Helping Gen Z Express Individuality at Dick’s Sporting Goods
October - December 2022
Client: Dick’s Sporting Goods
Team RunLab
Project by Akshay Garg, Dina Kaganer, Himanshu Kohli, Anahita Sehgal, Hiloni Sheth, and Harvey Zheng
As a part of my service design class, we had the opportunity to create, test, and pitch an innovation service concept for Dick’s Sporting Goods, one of the largest sporting retailers in the world. Through our research, critiques, and testing, my team pitched DSGN Lab, a sneaker customization experience aimed at helping customers express themselves through their shoes.
Role: Researcher & Designer
For this project, I worked with 5 graduate students to create a service innovation for Dick’s Sporting Goods (DSG). Focusing more on the research and design side, my goal was to learn why current DSG customers shopped at the store, and how I may be able to bring DSG to a wider audience.
Within the project, I helped conduct research through guerrilla interviews at Dick’s Sporting Goods and directed storytelling sessions. I also helped propose and defined the service innovation through brainstorming and creating a concept video. More generally, I also tried to constantly act as an advocate for our audience, which was mainly Generation Z.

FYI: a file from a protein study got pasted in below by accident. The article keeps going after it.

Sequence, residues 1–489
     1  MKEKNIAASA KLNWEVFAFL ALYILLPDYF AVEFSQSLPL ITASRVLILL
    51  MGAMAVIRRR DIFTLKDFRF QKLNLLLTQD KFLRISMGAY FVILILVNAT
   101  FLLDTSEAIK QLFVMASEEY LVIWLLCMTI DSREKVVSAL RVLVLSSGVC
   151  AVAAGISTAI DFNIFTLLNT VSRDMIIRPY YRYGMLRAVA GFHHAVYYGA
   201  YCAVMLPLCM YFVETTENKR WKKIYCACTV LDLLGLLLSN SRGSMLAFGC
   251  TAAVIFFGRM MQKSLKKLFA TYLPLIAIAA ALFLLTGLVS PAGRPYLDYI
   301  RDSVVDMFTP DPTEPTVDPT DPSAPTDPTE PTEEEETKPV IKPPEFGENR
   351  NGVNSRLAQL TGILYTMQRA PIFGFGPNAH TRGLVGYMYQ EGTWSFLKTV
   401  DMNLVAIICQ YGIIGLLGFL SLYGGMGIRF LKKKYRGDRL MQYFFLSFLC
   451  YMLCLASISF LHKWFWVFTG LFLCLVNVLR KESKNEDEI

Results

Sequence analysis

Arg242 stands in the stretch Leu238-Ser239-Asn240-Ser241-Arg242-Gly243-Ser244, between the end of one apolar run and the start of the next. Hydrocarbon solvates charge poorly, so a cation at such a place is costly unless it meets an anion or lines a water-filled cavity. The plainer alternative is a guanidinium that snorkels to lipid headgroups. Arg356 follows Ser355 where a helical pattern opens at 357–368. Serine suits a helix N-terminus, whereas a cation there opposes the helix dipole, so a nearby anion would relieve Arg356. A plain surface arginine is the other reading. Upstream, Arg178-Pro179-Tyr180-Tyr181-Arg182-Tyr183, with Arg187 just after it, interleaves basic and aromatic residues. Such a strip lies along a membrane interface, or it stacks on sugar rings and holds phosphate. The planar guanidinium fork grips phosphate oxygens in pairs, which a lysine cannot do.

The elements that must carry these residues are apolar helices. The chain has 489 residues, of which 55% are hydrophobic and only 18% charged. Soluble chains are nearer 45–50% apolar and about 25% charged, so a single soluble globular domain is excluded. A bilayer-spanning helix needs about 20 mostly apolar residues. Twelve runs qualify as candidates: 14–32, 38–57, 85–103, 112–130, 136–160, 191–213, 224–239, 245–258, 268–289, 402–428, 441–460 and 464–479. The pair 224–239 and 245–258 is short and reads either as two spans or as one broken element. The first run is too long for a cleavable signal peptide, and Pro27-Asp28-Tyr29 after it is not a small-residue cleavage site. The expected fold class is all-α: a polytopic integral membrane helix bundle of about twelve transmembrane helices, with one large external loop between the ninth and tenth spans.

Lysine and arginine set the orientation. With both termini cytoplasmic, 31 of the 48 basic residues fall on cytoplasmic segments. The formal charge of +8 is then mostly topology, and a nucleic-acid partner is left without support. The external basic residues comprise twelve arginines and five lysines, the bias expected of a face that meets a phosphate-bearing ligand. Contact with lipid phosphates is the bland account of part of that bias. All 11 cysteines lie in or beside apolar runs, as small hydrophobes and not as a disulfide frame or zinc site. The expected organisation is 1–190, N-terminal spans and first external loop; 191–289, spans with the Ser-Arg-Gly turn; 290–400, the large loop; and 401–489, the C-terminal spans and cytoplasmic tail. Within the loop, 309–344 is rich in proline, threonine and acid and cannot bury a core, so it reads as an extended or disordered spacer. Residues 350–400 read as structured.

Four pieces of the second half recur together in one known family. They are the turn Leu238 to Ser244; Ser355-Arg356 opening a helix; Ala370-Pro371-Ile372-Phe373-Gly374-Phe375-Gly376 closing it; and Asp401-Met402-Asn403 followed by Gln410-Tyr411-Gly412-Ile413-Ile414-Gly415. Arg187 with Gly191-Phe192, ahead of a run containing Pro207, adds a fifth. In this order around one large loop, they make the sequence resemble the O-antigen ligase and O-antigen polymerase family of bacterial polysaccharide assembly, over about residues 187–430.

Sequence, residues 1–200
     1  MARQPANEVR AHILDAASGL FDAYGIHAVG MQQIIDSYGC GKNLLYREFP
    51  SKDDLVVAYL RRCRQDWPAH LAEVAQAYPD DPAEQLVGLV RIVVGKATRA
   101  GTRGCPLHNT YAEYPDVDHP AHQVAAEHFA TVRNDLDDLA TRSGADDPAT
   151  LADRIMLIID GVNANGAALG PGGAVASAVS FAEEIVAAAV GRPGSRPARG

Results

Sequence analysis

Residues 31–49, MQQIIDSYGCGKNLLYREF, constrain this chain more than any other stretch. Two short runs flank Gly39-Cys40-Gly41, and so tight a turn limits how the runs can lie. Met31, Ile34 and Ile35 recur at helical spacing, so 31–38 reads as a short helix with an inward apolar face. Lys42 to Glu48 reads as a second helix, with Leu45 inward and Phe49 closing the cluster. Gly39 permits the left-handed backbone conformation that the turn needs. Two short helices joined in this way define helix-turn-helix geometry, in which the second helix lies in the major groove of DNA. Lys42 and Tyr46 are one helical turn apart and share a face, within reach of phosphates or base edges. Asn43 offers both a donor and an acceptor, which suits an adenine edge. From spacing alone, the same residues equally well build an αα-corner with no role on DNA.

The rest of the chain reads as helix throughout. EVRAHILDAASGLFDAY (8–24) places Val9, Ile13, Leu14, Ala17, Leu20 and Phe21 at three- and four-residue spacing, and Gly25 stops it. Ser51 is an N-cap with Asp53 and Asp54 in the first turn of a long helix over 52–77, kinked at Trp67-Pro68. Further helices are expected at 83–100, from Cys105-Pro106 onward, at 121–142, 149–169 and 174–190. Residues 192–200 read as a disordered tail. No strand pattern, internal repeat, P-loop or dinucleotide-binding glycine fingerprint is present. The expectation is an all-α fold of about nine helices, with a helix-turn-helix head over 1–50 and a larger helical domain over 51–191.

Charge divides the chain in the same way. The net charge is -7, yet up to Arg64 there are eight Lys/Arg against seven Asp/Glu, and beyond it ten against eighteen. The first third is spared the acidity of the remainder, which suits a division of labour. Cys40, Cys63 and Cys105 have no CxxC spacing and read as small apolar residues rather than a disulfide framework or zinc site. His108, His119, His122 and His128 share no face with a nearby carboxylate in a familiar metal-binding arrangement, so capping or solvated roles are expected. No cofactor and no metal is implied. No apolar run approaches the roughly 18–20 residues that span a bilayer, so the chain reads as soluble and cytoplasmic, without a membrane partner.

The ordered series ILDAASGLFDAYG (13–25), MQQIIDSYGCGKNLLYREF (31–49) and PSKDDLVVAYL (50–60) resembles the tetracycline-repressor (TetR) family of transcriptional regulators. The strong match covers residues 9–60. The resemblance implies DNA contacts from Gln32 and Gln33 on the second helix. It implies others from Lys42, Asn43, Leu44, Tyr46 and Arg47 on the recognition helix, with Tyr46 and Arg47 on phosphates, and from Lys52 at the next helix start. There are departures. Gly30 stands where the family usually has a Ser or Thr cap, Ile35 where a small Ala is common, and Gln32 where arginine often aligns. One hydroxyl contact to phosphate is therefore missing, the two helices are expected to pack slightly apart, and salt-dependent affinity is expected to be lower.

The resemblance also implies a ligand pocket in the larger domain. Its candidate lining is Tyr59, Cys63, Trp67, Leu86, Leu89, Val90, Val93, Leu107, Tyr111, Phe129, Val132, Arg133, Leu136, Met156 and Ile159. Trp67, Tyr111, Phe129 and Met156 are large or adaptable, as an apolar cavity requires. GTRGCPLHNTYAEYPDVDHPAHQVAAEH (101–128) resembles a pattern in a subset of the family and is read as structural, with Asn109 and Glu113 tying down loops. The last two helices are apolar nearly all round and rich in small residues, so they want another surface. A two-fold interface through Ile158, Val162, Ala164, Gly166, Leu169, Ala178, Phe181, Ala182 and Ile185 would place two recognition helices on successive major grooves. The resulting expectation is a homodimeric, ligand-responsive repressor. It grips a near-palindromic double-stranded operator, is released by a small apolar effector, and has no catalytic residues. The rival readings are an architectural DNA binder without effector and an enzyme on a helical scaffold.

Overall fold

The Problem
We were tasked with creating and testing some service innovation concept for Dick’s Sporting Goods that involved some in-store or in-person component.
Ron Polka, a Group UX Designer at DSG, came in and talked to us about particular goals they had that we could focus on, such as:
- Increasing in-store conversion
- Attracting a different customer segment more focused on boutique brands
- Creating awareness surrounding digital tools available to customers
Our first step was to understand the needs of our client and its customers better. To build this empathy, we conducted interviews and informational research to discover why they may have gone to DSG to shop and issues they may have.
I focused on the interview portion, where I helped conduct intercept interviews at a DSG store, as well as held directed storytelling sessions. This was challenging for me, as these were people I had no connection with, which was out of the norm for me.
With our research, we discovered a few key insights:
- Shoppers value brand, curated items, and brand’s involvement in social causes when choosing to shop at a store
- Apparel is often a secondary reason for coming into the store, where most people go for sporting equipment
- Impersonal, distracting, and sometimes slow footwear experience
- DSG stores can be confusing to navigate
Refining and Pitching to DSG
With insights in hand, we individually generated innovation concepts, and then used FigJam to categorize them.
We settled on footwear because we our research insights and the number of concepts we had made it seem like a good opportunity. While considering some customer complaints more in-depth, such as a longer wait for footwear or not knowing what shoes work well, we also tried to consider problems Ron had mentioned.
Through further brainstorming, we landed on a service hypothesis: